Tesla’s Radical Marketing Strategy
Editor’s note: Writing in Forbes (September 1, 2013) about how Tesla is achieving unexpected sales in California, outselling Porsche and Jaguar, Siimon Reynolds suggested “Why You Should Copy Tesla’s Way of Marketing.” It’s an interesting idea, and we’re presenting it to you:
In California, they became the third biggest selling luxury car, behind only the Mercedes E Class and the BMW 5 Series.
That’s an extraordinary achievement for a brand that didn’t even exist a few years ago.
How did they do it?
Well certainly the car has got highly positive reviews (although not universally so), but few people have noticed the radical marketing technique at the center of Tesla’s sales strategy.
The strangest car showrooms of any car maker in the world.
For starters, they are not located along main roads like every other car dealer, they are in shopping malls – right alongside brands like Zara, Bloomingdale’s and See’s Candies. Secondly the showrooms are only the size of a small shop, often only squeezing in a single vehicle into the space. This radical departure from car marketing norms completely changes the traditional customer math.
Most car dealerships would be lucky to get a hundred potential customers perusing the cars on their lot each day. But because of their location, Tesla gets tens of thousands of people walking right past their car, every single day.
Incredibly, many sales have come from people who had zero interest in buying a car until they saw Tesla’s showroom (they were probably in the mall to buy a dress or see a movie). Impressed by the car’s design they could walk right in and immediately talk to a sales person – rather than have to specifically drive out to a dealership.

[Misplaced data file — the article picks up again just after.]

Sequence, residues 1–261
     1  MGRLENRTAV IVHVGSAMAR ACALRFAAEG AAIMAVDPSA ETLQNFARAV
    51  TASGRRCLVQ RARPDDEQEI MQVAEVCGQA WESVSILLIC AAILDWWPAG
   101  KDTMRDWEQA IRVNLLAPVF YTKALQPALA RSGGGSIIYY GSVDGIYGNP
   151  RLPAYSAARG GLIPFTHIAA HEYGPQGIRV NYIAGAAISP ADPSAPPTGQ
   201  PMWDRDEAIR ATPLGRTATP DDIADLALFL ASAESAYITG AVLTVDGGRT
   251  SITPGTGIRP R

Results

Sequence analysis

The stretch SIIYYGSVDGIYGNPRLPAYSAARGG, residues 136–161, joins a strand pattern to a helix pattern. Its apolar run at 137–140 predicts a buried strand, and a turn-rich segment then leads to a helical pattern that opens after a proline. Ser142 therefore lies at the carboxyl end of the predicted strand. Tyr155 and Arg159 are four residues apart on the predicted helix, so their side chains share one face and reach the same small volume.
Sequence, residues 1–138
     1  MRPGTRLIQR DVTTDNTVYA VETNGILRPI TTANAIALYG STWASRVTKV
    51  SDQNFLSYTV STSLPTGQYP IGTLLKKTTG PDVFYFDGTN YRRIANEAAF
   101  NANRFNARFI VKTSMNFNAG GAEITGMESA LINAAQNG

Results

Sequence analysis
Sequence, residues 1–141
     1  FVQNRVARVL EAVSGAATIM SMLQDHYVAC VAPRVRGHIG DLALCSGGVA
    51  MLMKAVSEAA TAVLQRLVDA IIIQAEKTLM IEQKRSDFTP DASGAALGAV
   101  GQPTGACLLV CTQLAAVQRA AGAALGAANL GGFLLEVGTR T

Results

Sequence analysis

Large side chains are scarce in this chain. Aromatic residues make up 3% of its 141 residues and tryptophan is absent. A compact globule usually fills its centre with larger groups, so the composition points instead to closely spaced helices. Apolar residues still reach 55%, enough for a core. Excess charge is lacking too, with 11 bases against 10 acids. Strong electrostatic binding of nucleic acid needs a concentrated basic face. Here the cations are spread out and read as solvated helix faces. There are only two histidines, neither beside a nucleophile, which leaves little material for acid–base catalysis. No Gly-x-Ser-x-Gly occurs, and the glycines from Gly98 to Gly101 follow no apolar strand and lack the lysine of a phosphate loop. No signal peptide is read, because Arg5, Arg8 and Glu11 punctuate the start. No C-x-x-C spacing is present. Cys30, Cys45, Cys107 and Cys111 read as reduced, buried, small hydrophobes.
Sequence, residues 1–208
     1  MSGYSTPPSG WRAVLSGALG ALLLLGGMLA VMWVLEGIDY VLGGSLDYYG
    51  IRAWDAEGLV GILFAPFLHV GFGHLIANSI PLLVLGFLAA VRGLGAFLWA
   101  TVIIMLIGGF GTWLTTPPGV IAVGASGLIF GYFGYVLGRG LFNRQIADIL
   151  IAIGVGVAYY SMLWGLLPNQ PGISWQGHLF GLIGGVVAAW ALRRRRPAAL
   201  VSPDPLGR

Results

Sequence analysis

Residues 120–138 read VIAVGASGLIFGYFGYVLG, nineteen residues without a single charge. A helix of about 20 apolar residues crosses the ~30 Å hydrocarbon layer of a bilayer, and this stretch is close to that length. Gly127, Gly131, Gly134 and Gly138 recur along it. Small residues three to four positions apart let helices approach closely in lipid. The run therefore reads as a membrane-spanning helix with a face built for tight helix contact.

It’s been a brilliant move for Tesla, as this week’s sales figures demonstrate, but is it not possible that you could use the same concept to grow your business?
As you can imagine, Tesla has incurred the wrath of traditional dealers. According to the Chicago Tribune, 48 states prohibit or limit the direct sale of automobiles, thanks to long-established laws requiring car purchases to go through a licensed third party. “Local auto dealerships are often among the biggest generators of tax revenue,” writes CNBC’s Philip Lebeau. “For many legislators, the message is clear: protect the local auto dealers, and you protect the economy in your district.”
Despite the opposition, Tesla is committed to selling cars their way. “If everyone who comes into a Tesla store leaves it with a smile, we’ve done our job,” said George Blankenship, Tesla’s VP of Sales and Ownership Experience. “Don’t take this the wrong way, but I don’t care how many of those people actually buy a vehicle after that first experience. Eventually they will come back and buy a Tesla not because it was sold to them, but because they really want to become part of the Tesla community.”
If Tesla can find success reinventing the way cars are marketed and sold, what might the rest of us do? Would you do it if you had to take on an entrenched political or economic structure? What’s the wildest, most box-busting marketing strategy you’ve ever encountered? Or dreamed about doing?